Noise reduction will reduce the background noise. There will be an optimum setting depending on the type of noise that you are encountering. For example, there may be different requirements for SSB, AM or FM.
Noise reduction can be turned on or off by selecting "Noise reduction > Noise reduction" in the menu.
The noise reduction level can be adjusted with the "Noise reduction > Reduction lvl" item in the menu. Larger values will reduce the noise more, but values that are too large will distort the signal and make it harder to understand (since some of the signal will be classified as noise and removed). A value of around 50 is often a good starting point. Values much above 80 are likely to distort speech too much, but may be useful for CW.
"Tone reduction": if this is turned on, then tones that are constant for more than a couple of seconds will also be reduced. This should be used if there are interfering constant tones in the input that cannot be removed by adjusting the bandpass filter. Otherwise, the output is often clearer with this turned off.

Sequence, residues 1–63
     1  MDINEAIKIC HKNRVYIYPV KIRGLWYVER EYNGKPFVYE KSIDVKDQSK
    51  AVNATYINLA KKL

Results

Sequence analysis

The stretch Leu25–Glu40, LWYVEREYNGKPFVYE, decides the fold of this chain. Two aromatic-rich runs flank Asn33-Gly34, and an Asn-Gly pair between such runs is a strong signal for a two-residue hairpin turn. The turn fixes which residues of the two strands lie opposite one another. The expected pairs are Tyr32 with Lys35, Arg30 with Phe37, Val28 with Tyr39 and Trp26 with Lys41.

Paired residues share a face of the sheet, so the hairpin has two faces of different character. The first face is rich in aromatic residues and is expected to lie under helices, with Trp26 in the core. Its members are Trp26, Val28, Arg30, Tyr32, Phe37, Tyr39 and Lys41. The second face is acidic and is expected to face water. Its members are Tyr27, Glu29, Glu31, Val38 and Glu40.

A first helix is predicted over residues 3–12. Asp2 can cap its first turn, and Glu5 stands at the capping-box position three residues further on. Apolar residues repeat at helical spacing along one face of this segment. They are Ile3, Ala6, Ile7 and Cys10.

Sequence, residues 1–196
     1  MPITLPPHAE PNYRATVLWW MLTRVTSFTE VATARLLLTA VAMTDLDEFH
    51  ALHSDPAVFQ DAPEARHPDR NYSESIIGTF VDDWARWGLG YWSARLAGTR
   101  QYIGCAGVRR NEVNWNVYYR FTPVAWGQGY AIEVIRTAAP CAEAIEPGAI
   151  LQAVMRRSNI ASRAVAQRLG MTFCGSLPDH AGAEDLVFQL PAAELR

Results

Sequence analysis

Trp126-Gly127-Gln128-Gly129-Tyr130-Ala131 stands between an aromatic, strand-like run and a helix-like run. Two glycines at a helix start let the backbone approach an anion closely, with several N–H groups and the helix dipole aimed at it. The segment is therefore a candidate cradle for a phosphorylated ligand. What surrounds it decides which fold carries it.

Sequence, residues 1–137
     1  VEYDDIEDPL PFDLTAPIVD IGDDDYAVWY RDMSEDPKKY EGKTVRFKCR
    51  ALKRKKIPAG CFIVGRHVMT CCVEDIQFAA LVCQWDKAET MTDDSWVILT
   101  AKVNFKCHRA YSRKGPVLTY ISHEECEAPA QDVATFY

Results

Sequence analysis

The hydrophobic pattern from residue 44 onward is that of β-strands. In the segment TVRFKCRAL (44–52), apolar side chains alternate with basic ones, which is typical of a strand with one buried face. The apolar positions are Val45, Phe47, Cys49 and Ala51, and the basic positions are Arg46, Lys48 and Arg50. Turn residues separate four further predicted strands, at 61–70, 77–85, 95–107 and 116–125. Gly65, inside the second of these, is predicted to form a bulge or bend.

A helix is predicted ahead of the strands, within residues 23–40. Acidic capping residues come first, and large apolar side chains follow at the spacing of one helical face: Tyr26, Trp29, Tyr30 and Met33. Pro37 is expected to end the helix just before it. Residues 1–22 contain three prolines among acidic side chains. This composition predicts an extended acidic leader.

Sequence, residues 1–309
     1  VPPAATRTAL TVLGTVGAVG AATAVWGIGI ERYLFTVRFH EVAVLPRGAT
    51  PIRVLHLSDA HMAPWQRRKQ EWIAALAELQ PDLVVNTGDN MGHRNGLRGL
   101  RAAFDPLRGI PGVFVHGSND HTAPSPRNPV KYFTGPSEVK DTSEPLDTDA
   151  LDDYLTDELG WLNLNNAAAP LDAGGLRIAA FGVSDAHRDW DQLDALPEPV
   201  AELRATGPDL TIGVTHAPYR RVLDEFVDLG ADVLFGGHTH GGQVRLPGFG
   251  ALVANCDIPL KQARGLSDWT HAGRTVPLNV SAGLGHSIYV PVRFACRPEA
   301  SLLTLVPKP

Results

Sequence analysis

Discontinuous tones such as Morse code will not be removed by the tone reduction feature.
"Noise percentile": this setting is related to how the WOLFWAVE estimates the noise level in the input signal. If this is incorrect, then possible effects include:
The correct noise percentile to use depends on the passband of the input to the WOLFWAVE (i.e. the passband of the radio that is connected to the input, not the passband of the WOLFWAVE's bandpass filter).
It can be estimated with: noise percentile = 100 - bandwidth x 90 / 5000
For example, a radio output bandwidth of 700Hz means the noise percentile should be set to around 87%.
The default value is 50%, which should be about right for a radio passband suitable for SSB signals.
"Time constant": the estimate of the noise level in the input signal is averaged over time. This setting controls the time constant for the averaging and hence how fast it adapts to changes in noise level. The time constant should be short enough to keep up with the radio's AGC. If it is too large, then the noise reduction will be worse (noise not reduced enough, or signal reduced as well as noise) for a short time after each AGC gain change, such as when someone starts or stops speaking.